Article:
GAPS: A Healing Diet for Body and Mind
Our modern world is awash in chemicals and food-like substances that wreak havoc on your health. While these compounds can adversely affect any system in the body, it is often your gut where the greatest impact occurs. And when your gut is disturbed, the problems you experience are not only digestive… it can also affect your brain.
In recent years, the gut has been called the “second brain” due to its unique relationship to cerebral health. It is also understood that over 70% of your immune system resides or is produced in the gut. This is thanks to a diverse population of organisms (or flora) and the gut associated lymphoid tissue (GALT) that mediates immune response. Even conventional medicine now recognizes that a healthy body and brain are dependent on a healthy gut.
Gut & Psychology: Build a Stronger Brain with a Healthy Gut
Long before these ideas were mainstream, Dr. Natasha Campbell-McBride, MD made the connection. In her book, Gut and Psychology Syndrome: Natural Treatment for Autism, ADHD/ADD, Dyslexia, Dyspraxia, Depression and Schizophrenia, she shows that many physical and neurological disorders can be attributed to dysbiosis – or an unhealthy imbalance – in the gut.
As we deviate from our ancestral diet, the symbiotic relationships between microorganisms in our gut change. These changes can cause the population of healthy and beneficial microbes to decline while harmful and pathogenic bacteria proliferate. The combination of dysbiosis in the microbiome, chronic inflammation in the gut and irritants from our modern diet, can cause tiny perforations in the sensitive lining of the gut.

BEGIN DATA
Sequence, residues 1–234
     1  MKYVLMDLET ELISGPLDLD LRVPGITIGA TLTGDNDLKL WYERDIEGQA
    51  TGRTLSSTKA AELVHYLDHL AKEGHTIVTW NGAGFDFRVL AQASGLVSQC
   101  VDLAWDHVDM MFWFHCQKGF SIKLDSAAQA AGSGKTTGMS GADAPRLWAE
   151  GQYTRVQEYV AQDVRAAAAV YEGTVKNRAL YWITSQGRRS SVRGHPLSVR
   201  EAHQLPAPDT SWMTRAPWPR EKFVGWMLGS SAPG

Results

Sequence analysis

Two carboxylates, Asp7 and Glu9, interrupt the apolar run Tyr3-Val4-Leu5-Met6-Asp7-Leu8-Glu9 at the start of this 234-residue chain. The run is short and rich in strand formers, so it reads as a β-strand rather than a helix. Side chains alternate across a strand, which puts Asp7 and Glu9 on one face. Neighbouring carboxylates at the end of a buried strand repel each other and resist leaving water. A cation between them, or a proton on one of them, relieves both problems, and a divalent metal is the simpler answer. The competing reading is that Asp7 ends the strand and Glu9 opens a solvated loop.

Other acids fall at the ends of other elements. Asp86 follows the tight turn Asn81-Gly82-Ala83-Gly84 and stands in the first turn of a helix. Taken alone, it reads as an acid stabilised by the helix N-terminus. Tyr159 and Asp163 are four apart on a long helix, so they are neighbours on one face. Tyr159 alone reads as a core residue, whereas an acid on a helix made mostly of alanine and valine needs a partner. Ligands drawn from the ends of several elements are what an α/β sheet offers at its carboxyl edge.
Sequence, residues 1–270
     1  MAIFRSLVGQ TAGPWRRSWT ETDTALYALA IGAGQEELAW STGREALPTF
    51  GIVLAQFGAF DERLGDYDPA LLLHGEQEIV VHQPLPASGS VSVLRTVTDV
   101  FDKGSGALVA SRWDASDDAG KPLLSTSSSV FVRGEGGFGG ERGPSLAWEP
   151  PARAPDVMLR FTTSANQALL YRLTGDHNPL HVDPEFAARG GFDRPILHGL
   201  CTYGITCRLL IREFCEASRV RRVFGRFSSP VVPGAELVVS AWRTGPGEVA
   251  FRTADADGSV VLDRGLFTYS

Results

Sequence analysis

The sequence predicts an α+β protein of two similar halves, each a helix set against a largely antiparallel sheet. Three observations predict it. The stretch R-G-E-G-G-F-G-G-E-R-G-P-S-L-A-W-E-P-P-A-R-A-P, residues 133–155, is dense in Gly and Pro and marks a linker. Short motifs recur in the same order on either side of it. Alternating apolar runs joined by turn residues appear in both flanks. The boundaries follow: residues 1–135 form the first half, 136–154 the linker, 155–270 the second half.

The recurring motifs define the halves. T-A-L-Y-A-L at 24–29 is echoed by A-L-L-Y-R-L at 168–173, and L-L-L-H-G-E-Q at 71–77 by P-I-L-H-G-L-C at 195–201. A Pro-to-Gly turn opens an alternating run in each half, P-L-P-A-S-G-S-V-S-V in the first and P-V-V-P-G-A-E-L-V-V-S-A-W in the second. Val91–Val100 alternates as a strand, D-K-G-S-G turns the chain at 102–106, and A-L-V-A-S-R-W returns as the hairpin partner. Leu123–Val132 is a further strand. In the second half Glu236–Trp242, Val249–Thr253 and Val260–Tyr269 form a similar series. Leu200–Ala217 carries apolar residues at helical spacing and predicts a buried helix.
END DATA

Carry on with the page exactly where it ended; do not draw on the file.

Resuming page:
The resulting “leaky gut” allows harmful microbes, food and fecal particles and other toxins to enter the bloodstream. These compounds can cause a host of inflammatory and allergenic responses throughout the body and lead to dysfunction and disease.
So how do you seal and heal the gut and restore a healthy microbial balance?
Getting Started with the GAPS Diet
Dr. McBride has created a safe and effective protocol, designed to provide the body with an array of healing nutrients and flora-friendly foods while eliminating potential irritants. The protocol is broken into six phases, each lasting three to five days.
Here is an overview of the protocol and what to expect:
Stage 1: In this phase, the focus is on nutrient-rich and easy-to-digest meat stock. This allows the gut to heal as it is not taxed with by breaking down foods.
Stage 2: In this phase, raw, organic egg yolks are added to meat stocks to provide additional nutrients for repair. Animal fats from pasture-raised animals – like tallow and lard – are especially important at this time to seal and heal the gut. These healthy fats also provide a concentrated source of energy.
Stage 3: Onions cooked in grass-fed fat (great immunity-boosters) and avocados are added at this time. Probiotics should be taken before meals to help restore healthy gut flora.
Stage 4: Grass-fed burgers, roasted pastured chicken and wild fish are added in this stage, as well as sautéed mushrooms and caramelized onions. The juice of organic vegetables is also introduced at this time.
Stage 5: As the gut lining strengthens and your ability to digest improves, foods that are more difficult to digest are introduced, including apples cooked in coconut oil or ghee and raw veggies.
Stage 6: Raw fruits and GAPS-approved desserts (like cinnamon baked apples and coconut macaroons) are allowed in this final phase of the Introduction Diet.
Is The GAPS Diet Right for You?
Thousands of people have found significant relief from the GAPS diet. If you try the introductory diet and notice you’re feeling better, following the Full GAPS diet (which lasts for at least two years) could be a beneficial next step to improve your overall health.
Have you tried the GAPS diet? If so, what was your experience?
Hi Kelley I would love some breakfast ideas if you could. Shear some ideas with me and love some desserts ideas thanks so much